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Advances in Urology
Volume 2012 (2012), Article ID 708301, 4 pages
Proximal Hypospadias Repair Outcomes in Patients with a Specific Disorder of Sexual Development Diagnosis
Division of Pediatric Urology, The University of Oklahoma Health Sciences Center, 920 S. L. Young Boulevard, W.P. 3150, Oklahoma City, OK 73104, USA
Received 16 March 2012; Revised 7 May 2012; Accepted 7 May 2012
Academic Editor: Amy B. Wisniewski
Copyright © 2012 Blake W. Palmer et al. This is an open access article distributed under the Creative Commons Attribution License, which permits unrestricted use, distribution, and reproduction in any medium, provided the original work is properly cited.
Boys with undermasculinized external genital and/or 46,XY disorders of sex development (DSD) often receive masculinizing genitoplasty. Such procedures are done to correct ventral curvature of the phallus, reposition a proximally located urethral meatus, and cosmetically correct the appearance of labioscrotal folds. No studies to date have assessed if patients with a specific DSD diagnosis have worse outcomes for severe proximal hypospadias procedures or whether or not these patients require more extensive surgical maneuvers than severe proximal hypospadias patients without a specific DSD diagnosis. We retrospectively reviewed consecutive proximal hypospadias repairs performed at our institution from 1998 to 2010 and compared the anatomy, surgical technique required for repair, and outcomes in patients with and without a definitive DSD diagnosis. Boys with a specific DSD diagnosis do have significantly more atypical anatomy when undergoing proximal hypospadias masculinizing genitoplasties. They are more likely to require associated gonad procedures but do not have an increased risk of complications or number of surgeries when compared to other proximal hypospadias patients without a specific DSD diagnosis. The risk of complications is consistent with reports in the literature, and the mean number of procedures in this contemporary study is fewer than in historic reports.
Boys with undermasculinized external genital development and/or a 46,XY disorder of sex development (DSD), including proximal hypospadias, often receive masculinizing genitoplasty. This procedure is done to correct ventral curvature of the phallus, reposition a proximally located urethral meatus, and cosmetically correct the appearance of external genitalia and labioscrotal folds. Need for genitoplasty can be associated with the need for such gonad operations as a biopsy when it will assist in making an accurate DSD diagnosis, gonadectomy in those cases at risk for gonadoblastomas and/or orchiopexy in those patients with associated cryptorchidism .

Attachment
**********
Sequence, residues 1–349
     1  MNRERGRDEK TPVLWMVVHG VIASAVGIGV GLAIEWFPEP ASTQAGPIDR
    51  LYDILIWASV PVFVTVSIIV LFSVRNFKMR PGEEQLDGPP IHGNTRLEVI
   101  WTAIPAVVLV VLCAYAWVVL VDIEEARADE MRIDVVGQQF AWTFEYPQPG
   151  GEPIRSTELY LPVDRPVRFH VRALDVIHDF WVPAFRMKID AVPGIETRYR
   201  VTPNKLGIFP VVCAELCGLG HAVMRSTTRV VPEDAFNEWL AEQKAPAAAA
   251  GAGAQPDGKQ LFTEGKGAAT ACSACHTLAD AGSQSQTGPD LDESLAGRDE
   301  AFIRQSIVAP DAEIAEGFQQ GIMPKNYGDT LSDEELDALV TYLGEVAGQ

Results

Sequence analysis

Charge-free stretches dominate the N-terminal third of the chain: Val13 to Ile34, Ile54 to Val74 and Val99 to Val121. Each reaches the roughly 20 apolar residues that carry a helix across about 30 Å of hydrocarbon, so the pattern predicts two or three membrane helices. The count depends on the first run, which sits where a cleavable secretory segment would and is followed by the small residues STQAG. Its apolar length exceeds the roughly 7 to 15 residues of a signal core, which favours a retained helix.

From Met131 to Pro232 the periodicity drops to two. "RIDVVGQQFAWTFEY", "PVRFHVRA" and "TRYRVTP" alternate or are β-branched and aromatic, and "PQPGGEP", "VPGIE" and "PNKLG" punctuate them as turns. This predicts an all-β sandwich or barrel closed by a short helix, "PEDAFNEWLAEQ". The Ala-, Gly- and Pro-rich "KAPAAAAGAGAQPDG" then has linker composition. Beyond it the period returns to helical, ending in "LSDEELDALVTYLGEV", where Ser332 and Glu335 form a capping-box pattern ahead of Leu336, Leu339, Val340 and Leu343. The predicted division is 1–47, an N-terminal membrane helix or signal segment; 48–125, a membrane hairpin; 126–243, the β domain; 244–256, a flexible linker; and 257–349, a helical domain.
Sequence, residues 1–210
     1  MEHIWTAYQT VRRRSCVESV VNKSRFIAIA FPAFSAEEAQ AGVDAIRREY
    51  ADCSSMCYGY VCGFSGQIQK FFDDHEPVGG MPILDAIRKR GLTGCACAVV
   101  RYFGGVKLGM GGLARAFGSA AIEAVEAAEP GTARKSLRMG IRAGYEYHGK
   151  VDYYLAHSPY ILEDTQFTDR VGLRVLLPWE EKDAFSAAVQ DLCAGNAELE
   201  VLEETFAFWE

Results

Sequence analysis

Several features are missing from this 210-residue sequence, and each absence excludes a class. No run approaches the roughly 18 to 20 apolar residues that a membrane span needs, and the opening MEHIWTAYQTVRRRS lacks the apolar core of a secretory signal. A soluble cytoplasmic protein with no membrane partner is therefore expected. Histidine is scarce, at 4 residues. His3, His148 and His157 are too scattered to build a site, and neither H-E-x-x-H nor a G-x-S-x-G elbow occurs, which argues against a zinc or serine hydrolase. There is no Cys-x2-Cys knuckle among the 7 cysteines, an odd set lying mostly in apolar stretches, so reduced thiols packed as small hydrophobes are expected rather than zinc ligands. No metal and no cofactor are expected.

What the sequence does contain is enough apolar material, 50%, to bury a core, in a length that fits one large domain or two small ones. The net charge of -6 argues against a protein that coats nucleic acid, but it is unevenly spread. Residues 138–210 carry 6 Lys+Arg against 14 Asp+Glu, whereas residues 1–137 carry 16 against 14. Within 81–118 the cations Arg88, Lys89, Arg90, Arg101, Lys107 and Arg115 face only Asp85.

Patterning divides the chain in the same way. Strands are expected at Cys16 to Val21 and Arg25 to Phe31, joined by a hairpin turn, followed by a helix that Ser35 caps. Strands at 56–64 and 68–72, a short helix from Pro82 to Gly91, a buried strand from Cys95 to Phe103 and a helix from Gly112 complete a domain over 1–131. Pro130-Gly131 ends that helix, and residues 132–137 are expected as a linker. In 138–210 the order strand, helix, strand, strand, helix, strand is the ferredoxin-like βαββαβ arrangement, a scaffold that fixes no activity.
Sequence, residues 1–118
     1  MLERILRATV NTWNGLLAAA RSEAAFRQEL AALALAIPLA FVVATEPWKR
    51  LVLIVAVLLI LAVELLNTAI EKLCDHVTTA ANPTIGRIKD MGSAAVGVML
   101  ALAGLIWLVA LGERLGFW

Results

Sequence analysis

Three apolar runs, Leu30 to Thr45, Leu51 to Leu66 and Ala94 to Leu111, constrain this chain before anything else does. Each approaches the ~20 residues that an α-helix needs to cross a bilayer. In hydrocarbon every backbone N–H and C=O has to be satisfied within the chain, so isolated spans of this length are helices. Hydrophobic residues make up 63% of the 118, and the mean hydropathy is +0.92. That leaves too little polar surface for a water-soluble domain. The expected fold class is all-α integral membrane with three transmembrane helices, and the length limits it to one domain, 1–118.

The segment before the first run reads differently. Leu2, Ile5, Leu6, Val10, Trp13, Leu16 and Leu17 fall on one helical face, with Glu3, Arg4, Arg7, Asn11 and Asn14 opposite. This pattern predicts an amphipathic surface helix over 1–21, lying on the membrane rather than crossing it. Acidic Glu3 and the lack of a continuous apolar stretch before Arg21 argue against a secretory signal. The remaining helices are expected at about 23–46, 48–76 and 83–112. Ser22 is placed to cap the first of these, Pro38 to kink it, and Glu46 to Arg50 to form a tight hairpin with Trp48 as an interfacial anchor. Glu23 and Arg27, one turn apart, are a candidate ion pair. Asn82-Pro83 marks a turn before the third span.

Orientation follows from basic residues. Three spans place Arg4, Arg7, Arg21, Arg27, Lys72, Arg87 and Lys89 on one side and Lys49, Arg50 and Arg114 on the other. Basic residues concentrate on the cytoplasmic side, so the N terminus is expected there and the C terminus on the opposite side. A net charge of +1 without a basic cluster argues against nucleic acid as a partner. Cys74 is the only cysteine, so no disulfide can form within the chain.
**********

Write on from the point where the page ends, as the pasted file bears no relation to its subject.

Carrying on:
Although many recent reports have highlighted the dilemmas in accurately defining severe hypospadias, this anatomy would commonly be accepted as representing the most severe spectrum of the hypospadias complex [2, 3]. Despite a recent 20-year review of the severe hypospadias literature, no studies to date have assessed if patients with a definitive DSD diagnosis have worse outcomes for masculinizing genitoplasty procedures or whether or not these patients require more extensive surgical maneuvers than patients with severe proximal hypospadias not associated with a specific DSD diagnosis .
2. Materials and Methods
We retrospectively reviewed consecutive proximal hypospadias repairs performed at our institution from 1998 to 2010. Patients were included if their initial meatal location was on the proximal portion of the shaft of the phallus or in a penoscrotal or perineal location. Patients were excluded if they had a distal or midshaft location of their hypospadias. Epidemiologic data was collected, including age at first surgery. Karyotype and specific DSD diagnosis were noted on all patients for whom this information was available. Anatomical data consisted of the meatal location at the time of surgery before intervention and gonad location at 9 months of age. Surgical data were collected regarding whether the procedure was planned to be done in 2 stages or not; if a urethral cutback was necessary because of deficient or dysplastic ventral skin and spongiosum; whether or not and how many Nesbit plication sutures were necessary to correct ventral angulation; whether or not the urethral plate was divided to correct ventral curvature; if corporal body grafting was done to correct ventral curvature; type of urethroplasty or scrotoplasty necessary; number and type of gonad procedures performed; number and type of postoperative complications; number and type of hypospadias procedures performed. Clinical data were assessed for length of follow-up and long-term complications.